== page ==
“Colonel,” the official mascot, contemplates the entrance sign to the war dog training camp at Camp Knox.

As the traditional home of women Marines and also the home of the only training camp for black Marines, Camp Lejeune stands alone among the bases and stations that have written many of the chapters in the Corps’ proud history. There is yet another unique distinction that can be credited to Camp Lejeune, it was also the only training camp for the Corps’ war dogs during WW II. As a result of lessons learned during the ongoing Guadalcanal campaign in 1942 and the Corps’ small-war experience in the jungles of Central America and the Caribbean prior to the war, the value of employing war dogs to enhance the combat potential of Marine units became evident. [1] The Major General Commandant, Thomas Holcomb, directed that a war dog training camp be established at Camp Lejeune.  As organized at Camp Knox, a small facility within Camp Lejeune, as the Marine Corps War Dog Training Company in January of 1943, this camp- formerly occupied by a Civilian Conservation Corps company, and which was shared with the black 52nd Defense Battalion-became the sole source of the Corps’ war dogs until disbanded in August 1946.

A total of 1048 dogs were processed there, of which 703 successfully completed the arduous 14-week training, and 496 subsequently served in the Pacific, the preponderance being Doberman Pinschers and Shepherds. [2] Serving primarily as scout and messenger dogs, their fearless devotion and outstanding support provided to Marines in combat, principally in alerting to the presence or approach of enemy troops, endeared them to their supported Marines and resulted in many lives being saved. In doing so, the seven War Dog Platoons-each platoon consisting of 36 dogs and 66 Marines [3], and each intended to support an infantry regiment-that served in the battles of Guam, Saipan, Peleliu, Iwo Jima and Okinawa, lost 29 dogs killed-in-action (25 on Guam alone), and garnered 5 Silver Stars, 7 Bronze Stars and more than 40 Purple Hearts. [4]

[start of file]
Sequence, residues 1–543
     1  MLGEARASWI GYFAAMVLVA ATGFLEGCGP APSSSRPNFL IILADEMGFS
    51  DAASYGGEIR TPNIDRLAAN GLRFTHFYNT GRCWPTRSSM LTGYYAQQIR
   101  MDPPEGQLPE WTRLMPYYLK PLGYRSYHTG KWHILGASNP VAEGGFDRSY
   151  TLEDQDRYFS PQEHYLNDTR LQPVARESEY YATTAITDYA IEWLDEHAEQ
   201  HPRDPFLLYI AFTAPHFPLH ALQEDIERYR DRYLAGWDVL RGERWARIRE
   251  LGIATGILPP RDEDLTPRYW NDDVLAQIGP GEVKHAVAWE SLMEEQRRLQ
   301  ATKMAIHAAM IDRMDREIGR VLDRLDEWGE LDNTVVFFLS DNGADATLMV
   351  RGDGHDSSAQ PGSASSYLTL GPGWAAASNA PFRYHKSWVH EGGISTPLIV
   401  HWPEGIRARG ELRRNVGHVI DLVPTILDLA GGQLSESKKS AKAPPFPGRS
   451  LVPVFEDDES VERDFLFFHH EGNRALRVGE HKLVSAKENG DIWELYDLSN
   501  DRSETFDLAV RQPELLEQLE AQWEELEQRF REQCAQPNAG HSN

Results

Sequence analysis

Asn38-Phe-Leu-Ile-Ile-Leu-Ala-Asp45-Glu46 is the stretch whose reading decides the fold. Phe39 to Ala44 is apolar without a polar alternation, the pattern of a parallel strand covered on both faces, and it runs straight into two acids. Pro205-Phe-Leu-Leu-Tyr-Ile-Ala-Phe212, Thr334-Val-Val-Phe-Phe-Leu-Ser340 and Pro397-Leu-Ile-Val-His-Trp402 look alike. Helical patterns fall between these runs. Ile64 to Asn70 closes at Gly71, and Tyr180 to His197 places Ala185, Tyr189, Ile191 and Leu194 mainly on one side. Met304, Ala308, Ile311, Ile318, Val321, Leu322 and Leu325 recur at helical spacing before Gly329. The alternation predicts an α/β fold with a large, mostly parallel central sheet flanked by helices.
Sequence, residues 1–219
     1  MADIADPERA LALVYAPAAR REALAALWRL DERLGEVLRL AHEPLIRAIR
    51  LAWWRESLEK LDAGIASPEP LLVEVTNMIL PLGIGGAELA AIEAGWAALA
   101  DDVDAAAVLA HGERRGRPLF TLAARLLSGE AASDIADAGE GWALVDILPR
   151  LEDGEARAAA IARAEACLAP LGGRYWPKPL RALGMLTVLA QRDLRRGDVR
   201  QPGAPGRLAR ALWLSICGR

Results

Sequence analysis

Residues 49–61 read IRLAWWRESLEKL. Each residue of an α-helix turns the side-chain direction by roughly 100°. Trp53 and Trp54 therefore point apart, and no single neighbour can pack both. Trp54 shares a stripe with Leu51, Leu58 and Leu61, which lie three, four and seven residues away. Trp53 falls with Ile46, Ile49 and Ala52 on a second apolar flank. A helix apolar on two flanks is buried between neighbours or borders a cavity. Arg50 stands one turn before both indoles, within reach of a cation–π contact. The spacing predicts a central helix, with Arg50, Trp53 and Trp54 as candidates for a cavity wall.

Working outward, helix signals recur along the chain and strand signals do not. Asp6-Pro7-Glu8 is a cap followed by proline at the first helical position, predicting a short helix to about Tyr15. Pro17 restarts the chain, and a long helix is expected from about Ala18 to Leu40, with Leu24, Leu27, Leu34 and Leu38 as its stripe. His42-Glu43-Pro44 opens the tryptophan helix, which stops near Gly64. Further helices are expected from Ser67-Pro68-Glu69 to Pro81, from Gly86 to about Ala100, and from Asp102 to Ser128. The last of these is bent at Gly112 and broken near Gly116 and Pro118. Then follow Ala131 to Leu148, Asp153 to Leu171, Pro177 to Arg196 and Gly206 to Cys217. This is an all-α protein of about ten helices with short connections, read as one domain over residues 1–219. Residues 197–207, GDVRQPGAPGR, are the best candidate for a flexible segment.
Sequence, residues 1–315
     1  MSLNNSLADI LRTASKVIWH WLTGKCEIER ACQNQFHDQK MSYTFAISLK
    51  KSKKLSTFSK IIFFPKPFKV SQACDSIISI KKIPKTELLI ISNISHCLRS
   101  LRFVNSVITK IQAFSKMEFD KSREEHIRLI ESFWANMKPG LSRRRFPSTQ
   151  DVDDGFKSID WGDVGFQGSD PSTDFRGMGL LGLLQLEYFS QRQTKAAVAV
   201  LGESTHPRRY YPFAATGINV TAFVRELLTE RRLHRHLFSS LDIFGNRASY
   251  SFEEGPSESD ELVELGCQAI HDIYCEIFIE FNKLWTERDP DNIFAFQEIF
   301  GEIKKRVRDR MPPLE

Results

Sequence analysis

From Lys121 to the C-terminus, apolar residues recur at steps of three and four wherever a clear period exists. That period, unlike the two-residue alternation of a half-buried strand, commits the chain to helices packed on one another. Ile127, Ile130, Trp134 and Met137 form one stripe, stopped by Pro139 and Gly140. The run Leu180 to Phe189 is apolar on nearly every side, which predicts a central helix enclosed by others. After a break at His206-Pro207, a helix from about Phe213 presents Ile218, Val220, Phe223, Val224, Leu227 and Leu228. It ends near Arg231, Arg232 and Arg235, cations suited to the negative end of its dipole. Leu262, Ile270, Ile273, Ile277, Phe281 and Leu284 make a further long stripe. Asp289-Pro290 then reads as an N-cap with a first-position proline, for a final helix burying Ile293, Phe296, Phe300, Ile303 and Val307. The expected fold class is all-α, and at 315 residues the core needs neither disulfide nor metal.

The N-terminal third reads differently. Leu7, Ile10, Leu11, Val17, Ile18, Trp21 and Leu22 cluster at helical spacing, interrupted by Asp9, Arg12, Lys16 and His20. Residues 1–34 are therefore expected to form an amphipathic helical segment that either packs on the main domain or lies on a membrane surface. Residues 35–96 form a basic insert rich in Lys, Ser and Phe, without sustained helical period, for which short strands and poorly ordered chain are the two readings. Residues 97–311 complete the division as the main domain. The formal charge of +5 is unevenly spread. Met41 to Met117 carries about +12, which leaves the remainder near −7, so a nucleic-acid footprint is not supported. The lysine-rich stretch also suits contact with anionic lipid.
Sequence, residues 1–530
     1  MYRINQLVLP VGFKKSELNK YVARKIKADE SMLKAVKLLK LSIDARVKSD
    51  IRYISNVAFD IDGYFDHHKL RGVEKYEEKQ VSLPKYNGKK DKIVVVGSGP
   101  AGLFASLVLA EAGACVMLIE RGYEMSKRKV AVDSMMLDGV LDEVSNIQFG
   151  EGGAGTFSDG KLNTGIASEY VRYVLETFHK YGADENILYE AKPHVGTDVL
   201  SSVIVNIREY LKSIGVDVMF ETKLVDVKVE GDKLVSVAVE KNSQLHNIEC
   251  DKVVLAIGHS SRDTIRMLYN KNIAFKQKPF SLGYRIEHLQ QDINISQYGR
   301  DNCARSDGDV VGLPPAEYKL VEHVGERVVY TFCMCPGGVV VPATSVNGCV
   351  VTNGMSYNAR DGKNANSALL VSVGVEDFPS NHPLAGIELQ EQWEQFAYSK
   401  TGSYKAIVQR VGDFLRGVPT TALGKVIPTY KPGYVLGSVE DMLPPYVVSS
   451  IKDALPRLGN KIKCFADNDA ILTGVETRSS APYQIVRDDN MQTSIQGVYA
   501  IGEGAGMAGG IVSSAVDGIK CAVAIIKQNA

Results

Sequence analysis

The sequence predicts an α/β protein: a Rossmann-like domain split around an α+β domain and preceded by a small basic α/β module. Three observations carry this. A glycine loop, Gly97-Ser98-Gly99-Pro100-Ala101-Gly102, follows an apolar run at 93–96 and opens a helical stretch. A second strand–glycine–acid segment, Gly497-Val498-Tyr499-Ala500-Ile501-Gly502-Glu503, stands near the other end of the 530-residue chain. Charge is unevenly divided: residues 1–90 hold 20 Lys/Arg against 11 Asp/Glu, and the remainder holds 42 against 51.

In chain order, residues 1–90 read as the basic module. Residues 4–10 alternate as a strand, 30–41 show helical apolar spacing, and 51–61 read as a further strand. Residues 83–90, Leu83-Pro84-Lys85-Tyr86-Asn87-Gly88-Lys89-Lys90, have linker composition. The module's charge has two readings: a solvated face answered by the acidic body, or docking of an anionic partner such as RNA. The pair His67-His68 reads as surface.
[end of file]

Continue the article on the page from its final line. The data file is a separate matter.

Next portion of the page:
At the war’s end, 559 dogs remained on active duty. They were returned to Camp Knox for demobilization, the majority successfully completing a program of detraining and rehabilitation and returned to civilian life.


  1. USMC, “War Dogs in the Marine Corps in World War ll.”
  2. Putney. Always Faithful. pp. 210-211.
  3. Frank and Shaw. Victory and Occupation. p. 714.
  4. Putney. op. cit. p. x.


Gertrude S. Carroway. Camp Lejeune Leathernecks: U.S. Marine Corps Training Center, Camp Lejeune, NC. Owen G. Dunn Co. 1946.

PFC Derry D’Oench. “War Dogs Trained Here, Have Outstanding Combat Record.” Globe. 13Feb46.

Benis M. Frank and Henry Shaw. Victory and Occupation, History of U.S. Marine Corps Operations in WW II, Vol V. Historical Br, G-3 Div, HQMC. 1968.

LtCol L.J. Kimball, USMC (Ret), Consulting Historian. Semper Fidelis: A Brief History of Onslow County, NC, and Marine Corps Base, Camp Lejeune. U.S. Marine Corps, 2002.

Capt William W. Putney, USMC (Ret). Always Faithful: A Memoir of the Marine War Dogs of WW II. The Free press, 2001.

USMC History and Museums Div. “War Dogs in the Marine Corps in WW II,” Frequently Requested. 2-26-03.

Retrieved 8Feb05.

(A timely bit of trivia: National K-9 Veterans Day, 13 March, is a day set aside to honor and commemorate the service and sacrifices of American military and working dogs throughout history.)

Posted on: April 1, 2020
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